Note: DMV Black Restaurant Week is in no way affiliated with Black Restaurant Week, LLC, which plans on expanding to the District in 2019. The event is also not the first of its kind in the area. In 2015, a Black Restaurant Week was organized by ABlackLife LLC and New York-based I DON’T CLUBS brought Black-Owned Restaurant Month to DC. | NOVEMBER 2018 | ON TAP


By Trent Johnson

e’ve all heard the tale of the first Thanksgiving: a feast where settlers from England and Native Americans gathered around a large wooden dining table outdoors and passed turkey, stuffing and other treats around until everyone was full, happy and thankful. While turkey and stuffing have become staples in the cultural zeitgeist, Native American food hasn’t, until now. The tide is shifting, and according to an October CNN article, Native American fare is undergoing a refreshing revival around the country. In DC, there is only one restaurant dedicated to its promotion: the Mitsitam Native Foods Cafe located on the first floor of the National Museum of the American Indian. The Mitsitam menu is designed by Head Chef Freddie Bitsoie, who became the first Native American chef for the cafe in 2016. “I think the reason why [there is a resurgence] is because of people like myself,” Bitsoie says. “Native food is something that wasn’t popular until Native chefs started talking about it. I had always been taught at a young age that people aren’t going to care until you make them care. So most Native chefs have that mentality. Whatever your point of view is, make them talk about it.”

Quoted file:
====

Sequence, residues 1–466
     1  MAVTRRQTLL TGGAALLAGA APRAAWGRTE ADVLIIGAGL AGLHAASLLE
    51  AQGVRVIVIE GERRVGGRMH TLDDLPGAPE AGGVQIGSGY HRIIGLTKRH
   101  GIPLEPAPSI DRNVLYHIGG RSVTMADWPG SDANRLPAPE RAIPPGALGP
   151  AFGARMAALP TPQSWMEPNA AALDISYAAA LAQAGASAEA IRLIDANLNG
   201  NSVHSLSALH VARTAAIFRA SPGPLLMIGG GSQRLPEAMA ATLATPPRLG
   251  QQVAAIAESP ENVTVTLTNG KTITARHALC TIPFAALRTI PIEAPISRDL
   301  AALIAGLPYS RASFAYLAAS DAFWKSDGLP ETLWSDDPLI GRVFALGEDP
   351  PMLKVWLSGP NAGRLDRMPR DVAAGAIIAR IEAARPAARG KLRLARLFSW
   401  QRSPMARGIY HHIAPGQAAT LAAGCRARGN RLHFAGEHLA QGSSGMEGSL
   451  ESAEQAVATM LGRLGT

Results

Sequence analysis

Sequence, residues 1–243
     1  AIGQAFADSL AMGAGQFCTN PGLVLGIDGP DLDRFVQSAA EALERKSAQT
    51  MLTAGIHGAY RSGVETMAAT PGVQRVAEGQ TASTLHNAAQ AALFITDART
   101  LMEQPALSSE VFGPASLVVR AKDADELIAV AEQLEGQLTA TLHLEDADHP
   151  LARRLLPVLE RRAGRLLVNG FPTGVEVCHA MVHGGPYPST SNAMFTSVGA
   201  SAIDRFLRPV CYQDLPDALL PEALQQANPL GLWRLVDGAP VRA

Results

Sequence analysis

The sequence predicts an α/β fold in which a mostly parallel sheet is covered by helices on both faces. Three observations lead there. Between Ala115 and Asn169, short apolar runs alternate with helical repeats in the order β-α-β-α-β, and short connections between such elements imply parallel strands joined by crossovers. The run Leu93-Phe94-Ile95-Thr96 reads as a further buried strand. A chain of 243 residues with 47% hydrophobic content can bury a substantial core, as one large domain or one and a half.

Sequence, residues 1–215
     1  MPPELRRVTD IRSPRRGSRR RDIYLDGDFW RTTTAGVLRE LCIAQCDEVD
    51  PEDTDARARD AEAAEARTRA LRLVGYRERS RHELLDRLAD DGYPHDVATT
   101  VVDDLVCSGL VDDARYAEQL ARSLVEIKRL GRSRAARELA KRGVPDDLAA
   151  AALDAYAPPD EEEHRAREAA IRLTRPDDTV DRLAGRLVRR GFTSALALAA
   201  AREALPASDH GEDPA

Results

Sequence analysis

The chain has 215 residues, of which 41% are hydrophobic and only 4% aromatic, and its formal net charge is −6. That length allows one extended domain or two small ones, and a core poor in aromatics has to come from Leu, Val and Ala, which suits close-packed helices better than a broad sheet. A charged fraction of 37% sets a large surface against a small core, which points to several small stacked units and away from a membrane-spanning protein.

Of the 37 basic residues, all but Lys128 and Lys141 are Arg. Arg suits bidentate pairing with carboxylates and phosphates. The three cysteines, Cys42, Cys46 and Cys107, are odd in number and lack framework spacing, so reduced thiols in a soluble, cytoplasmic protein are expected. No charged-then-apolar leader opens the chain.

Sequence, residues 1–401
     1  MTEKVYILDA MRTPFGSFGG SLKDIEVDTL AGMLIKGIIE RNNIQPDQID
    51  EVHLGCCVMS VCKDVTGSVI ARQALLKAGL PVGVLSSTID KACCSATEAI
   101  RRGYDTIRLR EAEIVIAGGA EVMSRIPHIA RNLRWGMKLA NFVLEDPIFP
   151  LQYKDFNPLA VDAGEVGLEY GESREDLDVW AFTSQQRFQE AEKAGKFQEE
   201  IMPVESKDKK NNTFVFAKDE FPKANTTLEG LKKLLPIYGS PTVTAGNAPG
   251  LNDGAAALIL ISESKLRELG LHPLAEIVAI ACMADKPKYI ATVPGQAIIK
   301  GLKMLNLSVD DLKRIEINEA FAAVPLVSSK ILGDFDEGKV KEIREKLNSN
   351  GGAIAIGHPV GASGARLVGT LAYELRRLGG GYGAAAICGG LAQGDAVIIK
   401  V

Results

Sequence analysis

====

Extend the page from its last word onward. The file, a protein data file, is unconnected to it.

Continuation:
NMAI Head Chef Freddie Bitsoie

Photo: Trent Johnson

Bitsoie also references Bobby Flay and Martha Stewart making fried bread on their shows, which caused people to tag and text him snippets with comments indicating the famed and white chefs had no right to culturally appropriate the dish. He disagreed, simply saying that he makes a “damn good” ossobuco, and if he could demo it on TV then he would. “No Italian chefs would say, ‘I don’t have the right to do that,’” Bitsoie says. “Appropriating Native arts like jewelry [and] fashion, to me, is fine. But food is personal and people want to go home and try things they like. It’s a very fine line to promote and talk about it. But if people are mimicking it, we’re doing what we’re supposed to.” One reason Native American foods continue to climb in culinary popularity is the fact that they are immeasurably diverse and expansive. As a person without in-depth food knowledge (I’m not really a foodie, if you will), the first thing I think of on mention of Native American food is corn-based dishes and buffalo meat. I was uneducated about salmon planks or the wide variety of soups indigenous chefs have concocted throughout history.